The cornea is the clear, protective layer that covers the front of the eye. The cornea blocks out some of the sun’s ultraviolet light as well as germs, dirt, and other particles that can harm the delicate parts inside the eye. The cornea also plays a major role in our ability to see clearly. Changes in the transparency or shape of the cornea can cause distorted vision or vision loss. The cornea can be damaged by inflammation, allergies, infections, injuries, disorders, and diseases.
Depending on your condition and your specific needs, we specialize in tailoring treatments to maintain the health of your cornea. We offer the most advanced treatments, technology, and medications to address a wide spectrum of corneal diseases and disorders.
Blepharitis results in eyelids that are red, inflamed, and irritated. This condition may also cause dandruff-like buildup on the eyelids and along the eyelashes. Blepharitis is not contagious and usually does not present a threat to eyesight, but it can be unsightly and uncomfortable. There is no cure for this chronic condition, but it can be effectively managed with the help of your eye doctor.
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Conjunctivitis, commonly referred to as pink eye, can be caused by a number of factors. This condition causes the whites of the eyes to appear red or pink, and often results in itching, burning, swelling, watering, and other uncomfortable symptoms. Some forms of pink eye are highly contagious, so it is important to seek prompt treatment if you believe you may have conjunctivitis.
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A corneal abrasion is a scratch or nick on the surface of the cornea, often caused by minor trauma like rubbing the eye, scratching with a fingernail, or sand or dirt becoming trapped under the eyelid. Corneal abrasions can be very painful and in some cases may lead to scarring, infection, or vision loss.
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A corneal ulcer, or keratitis, is an open wound on the cornea. Often caused by infection, injury, scratches, or improper contact lens care, corneal ulcers are very painful. Symptoms may also include redness, the feeling that there is something in the eye, sensitivity to light, and swollen eyelids. A corneal ulcer may become a threat to vision, and requires prompt treatment by an ophthalmologist.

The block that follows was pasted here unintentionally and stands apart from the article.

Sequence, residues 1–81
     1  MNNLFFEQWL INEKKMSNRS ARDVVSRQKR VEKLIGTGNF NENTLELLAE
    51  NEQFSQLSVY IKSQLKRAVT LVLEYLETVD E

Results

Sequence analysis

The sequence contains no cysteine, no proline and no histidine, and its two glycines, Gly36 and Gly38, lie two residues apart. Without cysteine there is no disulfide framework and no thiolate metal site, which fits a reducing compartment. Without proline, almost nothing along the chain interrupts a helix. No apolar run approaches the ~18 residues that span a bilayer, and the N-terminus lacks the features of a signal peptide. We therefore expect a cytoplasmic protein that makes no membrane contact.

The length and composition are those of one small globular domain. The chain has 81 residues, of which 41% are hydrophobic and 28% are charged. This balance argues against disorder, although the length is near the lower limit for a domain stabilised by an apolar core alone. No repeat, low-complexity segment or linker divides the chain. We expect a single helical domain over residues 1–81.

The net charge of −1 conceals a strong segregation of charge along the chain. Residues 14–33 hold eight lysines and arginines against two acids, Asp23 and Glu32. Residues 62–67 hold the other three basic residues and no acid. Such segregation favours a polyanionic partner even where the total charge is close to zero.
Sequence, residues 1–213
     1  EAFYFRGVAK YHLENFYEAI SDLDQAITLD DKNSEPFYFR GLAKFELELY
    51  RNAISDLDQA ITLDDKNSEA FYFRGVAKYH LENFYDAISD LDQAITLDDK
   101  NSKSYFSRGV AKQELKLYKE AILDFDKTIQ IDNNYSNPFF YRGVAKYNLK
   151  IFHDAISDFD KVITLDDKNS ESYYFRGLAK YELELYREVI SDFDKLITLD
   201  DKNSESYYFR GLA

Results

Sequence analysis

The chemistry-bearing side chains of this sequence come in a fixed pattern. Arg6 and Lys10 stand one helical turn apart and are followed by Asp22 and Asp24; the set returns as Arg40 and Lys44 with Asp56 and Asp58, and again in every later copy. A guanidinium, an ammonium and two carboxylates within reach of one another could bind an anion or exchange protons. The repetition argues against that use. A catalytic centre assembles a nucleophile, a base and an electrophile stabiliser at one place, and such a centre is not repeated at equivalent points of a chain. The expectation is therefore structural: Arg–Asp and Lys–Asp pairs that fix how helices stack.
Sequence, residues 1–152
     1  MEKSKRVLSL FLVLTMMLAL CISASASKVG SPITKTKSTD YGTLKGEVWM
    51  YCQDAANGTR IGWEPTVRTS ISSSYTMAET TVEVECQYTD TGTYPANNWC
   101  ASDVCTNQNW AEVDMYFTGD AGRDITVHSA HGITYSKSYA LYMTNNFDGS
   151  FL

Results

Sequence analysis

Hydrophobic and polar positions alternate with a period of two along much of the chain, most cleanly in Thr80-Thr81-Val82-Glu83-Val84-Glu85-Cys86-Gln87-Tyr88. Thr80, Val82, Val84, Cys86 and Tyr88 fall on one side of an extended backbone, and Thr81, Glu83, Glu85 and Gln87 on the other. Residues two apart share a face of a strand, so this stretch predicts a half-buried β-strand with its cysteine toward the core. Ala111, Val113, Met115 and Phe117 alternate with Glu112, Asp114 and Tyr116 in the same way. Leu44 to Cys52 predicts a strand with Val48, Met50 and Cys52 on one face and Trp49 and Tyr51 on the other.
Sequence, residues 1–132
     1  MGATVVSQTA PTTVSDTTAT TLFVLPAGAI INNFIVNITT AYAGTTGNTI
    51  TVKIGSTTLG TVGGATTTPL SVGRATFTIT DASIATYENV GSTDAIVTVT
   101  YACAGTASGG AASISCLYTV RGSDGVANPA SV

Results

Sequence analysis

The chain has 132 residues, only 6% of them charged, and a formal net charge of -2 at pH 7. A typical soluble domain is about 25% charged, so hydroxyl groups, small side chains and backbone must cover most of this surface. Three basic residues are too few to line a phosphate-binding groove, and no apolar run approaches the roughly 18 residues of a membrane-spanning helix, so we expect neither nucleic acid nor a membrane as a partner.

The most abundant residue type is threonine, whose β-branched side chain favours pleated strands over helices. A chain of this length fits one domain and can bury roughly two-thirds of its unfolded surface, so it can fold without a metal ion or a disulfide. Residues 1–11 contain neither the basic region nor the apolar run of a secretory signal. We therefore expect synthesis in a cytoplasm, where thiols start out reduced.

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Dry eye is an uncomfortable condition that affects millions of people in the United States, and in some cases can lead to eye damage or vision loss. Treatments for dry eye include over-the-counter or prescription eye drops, steroid eye drops, nutritional supplements, and lifestyle modification. If these treatments do not provide relief, there are a number of in-office procedures that our highly trained doctors can provide to reduce discomfort and potential damage from dry eye.
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Fuchs’ dystrophy causes swelling of the cornea, often leading to blurred vision, excessive glare, eye pain, and other symptoms. This is a progressive condition for which there is no cure, but your ophthalmologist can help alleviate symptoms and slow the swelling that impacts the cornea. Once advanced, Fuchs’ dystrophy must be treated with corneal transplant surgery.
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Iritis, or inflammation of the iris (colored part of the eye) can cause discomfort, redness, light sensitivity, floaters, and blurred vision. Untreated, iritis may lead to vision loss, glaucoma, retinal damage, or cataracts. Treatment for iritis may include prescription eye drops, dilation of the eyes, or steroid pills or injections. Extended use of steroid eye drops or oral steroids may be required for this condition, which may become chronic.
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Keratoconus causes the cornea to become thinner and weaker, eventually shifting from a domed shape to cone-shaped. This can lead to blurred vision, streaking, ghost images, halos, and light sensitivity. Keratoconus is a progressive condition that may be treated with special lenses in its early stages, but may require surgical intervention once advanced.
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A pterygium is a non-cancerous growth that develops on the outer layer of the eye (the conjunctiva). This condition may cause redness or swelling on the eye’s surface, dry eye, itching, burning, and other symptoms managed with the use of special eye drops. Pterygium can also grow large enough to obstruct the vision, in which case surgical removal is necessary.
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Keratoplasty (Corneal Transplant)
During a keratoplasty procedure, part or all of a patient’s cornea is replaced with donated corneal tissue. This surgery can be a required treatment for a number of corneal conditions, injuries, and diseases and is best performed by a highly experienced ophthalmologist or eye surgeon.
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Schedule Your Consultation
At CVP Physicians Dayton, our skilled ophthalmologists are highly experienced in the diagnosis and treatment of a full range of corneal conditions. If you are concerned about the health of your corneas or suffer from one of the conditions explained above, please contact us to schedule a consultation with a member of our team.